4 posts tagged “patient sharing”

Patient Sharing: A Concept That Is Finally Becoming Obvious

Posted May 26th, 2011 by

Susannah Fox, Associate Director of the Pew Internet & American Life Project

Susannah Fox, the Associate Director of the Pew Internet & American Life Project, recently posted a blog entry entitled “Peer-to-peer Healthcare: Crazy. Crazy. Crazy. Obvious.” that is near and dear to our hearts here at PatientsLikeMe.

In her post, she defines peer-to-peer healthcare as follows:

“Patients and caregivers know things — about themselves, about each other, about treatments — and they want to share what they know to help other people.  Technology helps to surface and organize that knowledge to make it useful for as many people as possible.”

Sound familiar?  She goes on to describe where this idea of patients sharing knowledge with each other fits in the lifecycle of ideas (or The Natural History of a New Idea).

All of this research is moving peer-to-peer healthcare along the new idea scale.  In fact, I’m having fun watching people’s reactions (and mine) when I describe these new studies:  from indifference (bummer, they don’t get it), to puzzlement (OK, we’re at least up to ‘odd, but unproven’), to excitement (oh good, let’s talk). It speaks volumes to me that the Wall Street Journal covered the PatientsLikeMe [ALS] study, for example, and other major news outlets did not.”

Want to hear why she thinks PatientsLikeMe and others are moving the concept of patient sharing from “crazy to obvious” – and how this all could affect the future of science?  Read her full blog post and weigh in with your own thoughts in the comments section.

PatientsLikeMe member lscanlon


Multiple Sclerosis Awareness Week: Interview with Gardener

Posted March 10th, 2010 by

It’s National Multiple Sclerosis (MS) Awareness Week.  There are more than 17,400 patients in the PatientsLikeMe MS community sharing data about their symptoms, treatments and side effects, lifestyle modifications and overall health outcomes.

In honor of the week, and March being National MS Awareness Month, we will be posting interviews with MS patients and nonprofit partners on the blog each week to help raise awareness about real-world experiences with the condition and initiatives that are keeping the research going.  Today, is our interview with gardener, one of our very active patient members who joined the community back in 2007 just after it launched.  She recently answered some questions from Amy Morton, a member of our marketing team here at PatientsLikeMe, about life, living with MS and being a member of PatientsLikeMe.

2166 (Amy) What’s on your mind these days?
3203 (Gardener) Right now, at this moment, my cats, because they’re begging for food, and being very loud and persistent.

In general, I’ve been focusing on violin and accordion performances coming up in April. I’m playing dance solos. It should be fun. That, and figuring out something to make as a demo for this month’s sewing group. I went over two years of having something new at every meeting until October of last year, then got whacked by a bout of depression.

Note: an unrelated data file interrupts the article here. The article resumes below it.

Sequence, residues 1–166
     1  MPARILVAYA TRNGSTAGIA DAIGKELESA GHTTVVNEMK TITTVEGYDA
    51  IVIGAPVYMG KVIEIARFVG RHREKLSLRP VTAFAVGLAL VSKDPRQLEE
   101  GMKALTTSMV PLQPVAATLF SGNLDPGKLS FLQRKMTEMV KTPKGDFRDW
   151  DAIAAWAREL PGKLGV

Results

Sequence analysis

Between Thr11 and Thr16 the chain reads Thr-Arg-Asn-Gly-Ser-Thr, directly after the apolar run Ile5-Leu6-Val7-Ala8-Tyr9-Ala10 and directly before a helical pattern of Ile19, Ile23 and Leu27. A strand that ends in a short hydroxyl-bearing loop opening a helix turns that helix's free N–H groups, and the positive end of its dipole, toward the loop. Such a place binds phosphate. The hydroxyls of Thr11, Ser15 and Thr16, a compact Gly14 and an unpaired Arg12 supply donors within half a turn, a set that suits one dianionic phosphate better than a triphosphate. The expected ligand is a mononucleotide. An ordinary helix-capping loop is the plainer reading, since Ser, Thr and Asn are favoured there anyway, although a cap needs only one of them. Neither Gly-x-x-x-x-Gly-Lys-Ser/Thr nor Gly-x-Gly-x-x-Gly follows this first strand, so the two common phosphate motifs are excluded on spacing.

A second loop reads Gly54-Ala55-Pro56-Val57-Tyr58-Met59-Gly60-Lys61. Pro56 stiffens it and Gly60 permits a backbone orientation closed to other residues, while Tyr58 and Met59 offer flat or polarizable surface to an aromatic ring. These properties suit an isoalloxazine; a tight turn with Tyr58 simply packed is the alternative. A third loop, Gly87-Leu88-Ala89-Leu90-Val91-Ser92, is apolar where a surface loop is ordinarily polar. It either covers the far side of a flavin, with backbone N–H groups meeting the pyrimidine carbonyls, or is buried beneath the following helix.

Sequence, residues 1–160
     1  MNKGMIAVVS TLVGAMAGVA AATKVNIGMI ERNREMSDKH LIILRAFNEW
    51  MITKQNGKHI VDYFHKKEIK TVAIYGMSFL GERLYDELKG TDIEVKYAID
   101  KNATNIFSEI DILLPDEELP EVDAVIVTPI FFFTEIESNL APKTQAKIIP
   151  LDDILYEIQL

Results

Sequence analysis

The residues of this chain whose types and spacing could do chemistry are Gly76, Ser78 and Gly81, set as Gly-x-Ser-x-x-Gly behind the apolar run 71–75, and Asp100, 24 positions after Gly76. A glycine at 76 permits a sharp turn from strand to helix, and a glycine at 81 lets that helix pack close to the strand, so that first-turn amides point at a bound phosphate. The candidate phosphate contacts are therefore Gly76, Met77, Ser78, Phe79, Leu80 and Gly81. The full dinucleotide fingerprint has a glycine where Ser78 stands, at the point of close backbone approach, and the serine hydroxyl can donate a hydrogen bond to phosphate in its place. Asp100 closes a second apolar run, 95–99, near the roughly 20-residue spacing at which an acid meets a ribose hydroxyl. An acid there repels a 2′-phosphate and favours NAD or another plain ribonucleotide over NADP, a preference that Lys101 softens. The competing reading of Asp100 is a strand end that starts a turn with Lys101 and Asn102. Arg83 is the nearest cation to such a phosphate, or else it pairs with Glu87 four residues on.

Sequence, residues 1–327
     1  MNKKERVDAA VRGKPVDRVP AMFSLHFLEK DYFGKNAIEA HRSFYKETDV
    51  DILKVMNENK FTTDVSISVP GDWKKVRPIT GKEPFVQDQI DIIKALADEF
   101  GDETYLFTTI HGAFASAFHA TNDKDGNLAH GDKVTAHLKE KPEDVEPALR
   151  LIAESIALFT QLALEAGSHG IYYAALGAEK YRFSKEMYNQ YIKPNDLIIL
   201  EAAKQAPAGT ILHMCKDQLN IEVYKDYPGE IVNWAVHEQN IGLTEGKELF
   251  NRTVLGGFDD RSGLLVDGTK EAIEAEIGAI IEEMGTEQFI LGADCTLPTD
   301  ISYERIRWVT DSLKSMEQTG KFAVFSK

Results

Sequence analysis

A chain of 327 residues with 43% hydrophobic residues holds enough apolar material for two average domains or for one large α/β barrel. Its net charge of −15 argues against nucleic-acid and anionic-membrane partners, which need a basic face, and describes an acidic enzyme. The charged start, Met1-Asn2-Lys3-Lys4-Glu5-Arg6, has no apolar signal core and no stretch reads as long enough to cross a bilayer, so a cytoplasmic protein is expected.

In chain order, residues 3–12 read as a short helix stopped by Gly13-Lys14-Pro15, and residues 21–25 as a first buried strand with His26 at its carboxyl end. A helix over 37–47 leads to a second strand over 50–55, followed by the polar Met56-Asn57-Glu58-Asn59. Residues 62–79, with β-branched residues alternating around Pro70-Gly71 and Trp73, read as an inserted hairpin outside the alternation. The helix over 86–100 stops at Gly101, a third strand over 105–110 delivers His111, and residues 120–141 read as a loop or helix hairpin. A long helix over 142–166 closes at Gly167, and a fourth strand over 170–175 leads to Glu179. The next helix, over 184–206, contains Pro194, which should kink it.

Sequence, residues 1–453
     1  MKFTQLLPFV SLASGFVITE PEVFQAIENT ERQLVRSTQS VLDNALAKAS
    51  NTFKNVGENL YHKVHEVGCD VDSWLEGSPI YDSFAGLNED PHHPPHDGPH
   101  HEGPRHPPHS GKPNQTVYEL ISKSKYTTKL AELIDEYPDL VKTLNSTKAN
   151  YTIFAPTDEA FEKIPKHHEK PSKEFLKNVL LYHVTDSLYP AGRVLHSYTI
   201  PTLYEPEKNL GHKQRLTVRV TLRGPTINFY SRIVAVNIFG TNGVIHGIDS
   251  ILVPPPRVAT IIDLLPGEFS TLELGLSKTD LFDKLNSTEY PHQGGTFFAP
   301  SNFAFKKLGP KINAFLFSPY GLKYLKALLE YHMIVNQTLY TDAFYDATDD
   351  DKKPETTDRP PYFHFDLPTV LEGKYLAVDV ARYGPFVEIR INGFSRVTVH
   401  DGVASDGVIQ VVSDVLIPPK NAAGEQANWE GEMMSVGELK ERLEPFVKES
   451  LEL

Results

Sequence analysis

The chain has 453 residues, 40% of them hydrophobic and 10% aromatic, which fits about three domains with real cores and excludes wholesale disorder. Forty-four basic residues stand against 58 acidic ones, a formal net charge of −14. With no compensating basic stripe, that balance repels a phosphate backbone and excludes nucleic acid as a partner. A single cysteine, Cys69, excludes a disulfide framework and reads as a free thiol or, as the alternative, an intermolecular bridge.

It’s lifting, and things are fun again. My friends aren’t annoying anymore, either. Come to think of it, everyone was kind of annoying during the worst of it. At the time, I told a friend I wanted to curl up in the bottom of my closet. She suggested bringing along a fluffy blanket and a pillow.  That wasn’t an annoying suggestion.

2166 (Amy) What do you enjoy most about winter?
3203 (Gardener) Watching my dog play in the snow. He likes the deep fluffy snow we’ve gotten recently and shows such joy running through it. The lower temperature is nice, too, as is meeting people for whom this is their first real winter. Seeing others enjoy things like snowball fights so much gives me a better outlook on winter. I have never been good at throwing, so I just watch.
2166 (Amy) How do you keep perspective with your condition?
3203 (Gardener) For a long time, I’ve tried to keep in mind that the only constant is change. That outlook helped a lot when I was diagnosed. This is no one’s fault, it’s not a lesson, and it didn’t happen for a reason. MS is a random thing. It’s hard to take random things personally. Also, I’ve had friends go through refugee situations. After hearing their stories, it’s hard to think of this as more than an inconvenience. Yes, MS sucks, but there are many things that are worse.
2166 (Amy) Share why you decided to make your profile public.
3203 (Gardener) Something that I’ve found frustrating in general is how few things people really discuss. By having the profiles open, you can see what others are taking for symptoms, and how they like the treatments. You can also see what kind of results people are getting with what they’re doing. It would be hypocritical to use a resource like that and not return the favor. Also, PatientsLikeMe feels like a safe place to share.
2166 (Amy) Thanks for sharing, Gardener!